The antagonist of my first novel, The Resurrection, is Benjamin Keen, a disgraced seminary professor who’d been labeled a heretic and banished from the school. Keen’s appreciation for florid beliefs and paganism has drifted past exotica into the realms of blood sacrifice. The cover for Keen’s madness is an interfaith group.
Which probably tips my hand how I feel about interfaith groups.
It’s disconcerting how harmless, even attractive, interfaith groups are made to appear these days. While the Religious Right has a problem with exclusivity, the Religious Left has a problem with inclusivity. But I’m not sure which is worse — a religion with membership requirements a mile long or none at all?
The NY Times recently featured one such interfaith group. In A Church That Embraces All Religions and Rejects ‘Us’ vs. ‘Them’ we’re introduced to Steven Greenebaum as he prepares to celebrate the end of his third year pastoring the congregation of the Living Interfaith Church.
He donned vestments adorned with the symbols of nearly a dozen religions. He unfolded a portable bookshelf and set the Koran beside the Hebrew Bible, with both of them near two volumes of the “Humanist Manifesto” and the Sioux wisdom of “Black Elk Speaks.” Candles, stones, bells and flowers adorned the improvised altar.
Perhaps his “portable bookshelf” just isn’t big enough.
Yearning for decades to find a religion that embraced all religions, and secular ethical teachings as well, he had finally followed the mantra of Seattle’s indie music scene: “D.I.Y.,” meaning “do it yourself.”
“Many of our most intractable ills may be laid on the altar of our divisions into ‘them’ and ‘us,’ ” Mr. Greenebaum, 65, said during his sermon. “Such a mind-set allows us to judge others and find them lesser beings. Now, I’m not here to try to convince anyone that there is no such thing as right or wrong. But I am here to say that there is no ‘them.’ And there is no ‘us’ who are somehow superior to them.”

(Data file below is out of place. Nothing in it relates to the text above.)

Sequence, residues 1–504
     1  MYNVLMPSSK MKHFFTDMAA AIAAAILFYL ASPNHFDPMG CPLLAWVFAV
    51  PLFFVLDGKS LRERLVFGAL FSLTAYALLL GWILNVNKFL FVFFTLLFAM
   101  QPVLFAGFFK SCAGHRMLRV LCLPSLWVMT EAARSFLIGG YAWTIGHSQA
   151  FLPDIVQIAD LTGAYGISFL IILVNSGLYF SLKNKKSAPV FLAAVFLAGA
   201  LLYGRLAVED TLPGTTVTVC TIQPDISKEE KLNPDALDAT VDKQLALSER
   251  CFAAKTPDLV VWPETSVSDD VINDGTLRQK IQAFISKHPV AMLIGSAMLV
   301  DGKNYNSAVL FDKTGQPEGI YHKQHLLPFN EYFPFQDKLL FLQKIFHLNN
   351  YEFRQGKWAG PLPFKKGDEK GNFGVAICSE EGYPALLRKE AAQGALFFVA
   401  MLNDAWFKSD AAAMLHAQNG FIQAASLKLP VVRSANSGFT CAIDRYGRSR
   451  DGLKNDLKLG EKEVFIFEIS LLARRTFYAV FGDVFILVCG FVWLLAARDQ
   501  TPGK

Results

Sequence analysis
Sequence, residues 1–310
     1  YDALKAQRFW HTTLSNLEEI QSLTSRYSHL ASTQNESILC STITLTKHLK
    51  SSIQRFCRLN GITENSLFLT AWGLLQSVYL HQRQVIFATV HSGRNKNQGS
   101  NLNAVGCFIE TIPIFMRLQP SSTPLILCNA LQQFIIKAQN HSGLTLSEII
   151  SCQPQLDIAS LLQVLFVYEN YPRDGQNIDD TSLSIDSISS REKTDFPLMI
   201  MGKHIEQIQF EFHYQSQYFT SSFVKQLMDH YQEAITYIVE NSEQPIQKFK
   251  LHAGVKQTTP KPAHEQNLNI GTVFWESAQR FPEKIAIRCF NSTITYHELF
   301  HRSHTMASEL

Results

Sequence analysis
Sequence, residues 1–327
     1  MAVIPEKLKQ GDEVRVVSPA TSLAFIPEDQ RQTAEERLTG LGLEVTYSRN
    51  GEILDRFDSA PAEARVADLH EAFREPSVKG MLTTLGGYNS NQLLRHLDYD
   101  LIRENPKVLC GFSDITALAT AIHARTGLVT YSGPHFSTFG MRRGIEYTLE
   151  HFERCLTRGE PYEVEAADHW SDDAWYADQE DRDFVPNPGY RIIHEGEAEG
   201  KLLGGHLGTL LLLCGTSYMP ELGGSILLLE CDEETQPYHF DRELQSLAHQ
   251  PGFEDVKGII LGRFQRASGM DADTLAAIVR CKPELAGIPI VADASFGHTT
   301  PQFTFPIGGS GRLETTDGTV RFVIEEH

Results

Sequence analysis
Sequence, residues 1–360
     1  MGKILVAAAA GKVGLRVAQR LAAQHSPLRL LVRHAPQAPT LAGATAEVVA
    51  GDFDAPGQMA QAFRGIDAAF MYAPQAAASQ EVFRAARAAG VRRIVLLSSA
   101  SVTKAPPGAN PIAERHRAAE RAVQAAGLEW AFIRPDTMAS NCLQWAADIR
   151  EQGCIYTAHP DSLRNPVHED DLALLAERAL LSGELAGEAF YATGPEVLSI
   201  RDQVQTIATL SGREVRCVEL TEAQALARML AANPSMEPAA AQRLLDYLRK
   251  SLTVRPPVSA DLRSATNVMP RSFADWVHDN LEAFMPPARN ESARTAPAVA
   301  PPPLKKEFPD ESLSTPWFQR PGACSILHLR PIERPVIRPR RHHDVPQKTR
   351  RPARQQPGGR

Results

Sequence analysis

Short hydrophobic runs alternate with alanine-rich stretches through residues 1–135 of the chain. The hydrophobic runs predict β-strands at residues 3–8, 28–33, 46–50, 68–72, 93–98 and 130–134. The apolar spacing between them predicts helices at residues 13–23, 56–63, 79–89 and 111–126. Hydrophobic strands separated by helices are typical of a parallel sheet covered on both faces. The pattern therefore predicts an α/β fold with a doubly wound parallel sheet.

I suppose if you’re following “the mantra of Seattle’s indie music scene,” such gobbledygook is to be expected. Nevertheless, Pastor Greenebaum manages to stumble upon the truth midway through his sermon:
“…I’m not here to try to convince anyone that there is no such thing as right or wrong.”
Stop the presses!
Did this interfaith pastor just admit some things are right and wrong? Because if some things are right and wrong, that includes religious things, right? For instance, the pagan who believed that sacrificing a virgin to the Sky god to ensure a spate of grain was indeed wrong. Or were they? If not, then who’s to say that sacrificing virgins for other means isn’t quite right? But IF virgin sacrifice is wrong for anything, why in the world would I include their sacred text — The Ultimate Guide to Maximizing Tribal Virgins — in my canon?
Translations: It is wrong to equate some holy books to others.
Even my rather spineless protag managed to suck it up and confront the mad prof. In his stand-off with Benjamin Keen, Reverend Ian Clark proclaims (probably to heavenly bells and whistles):
“Professor Keen… this is too much. I mean, where do you stop? Before long we’re all drinking goat’s blood and dancing around in loincloths, worshiping the sun or some other nonsense. I can concede elements of paganism without becoming one.”
Surely, a spirit of decency and respect is necessary when it comes to understanding world religions and interacting with their diverse adherents. However, it’s one thing to dine and dialog with pagans. It’s quite another to invite them into your pulpit.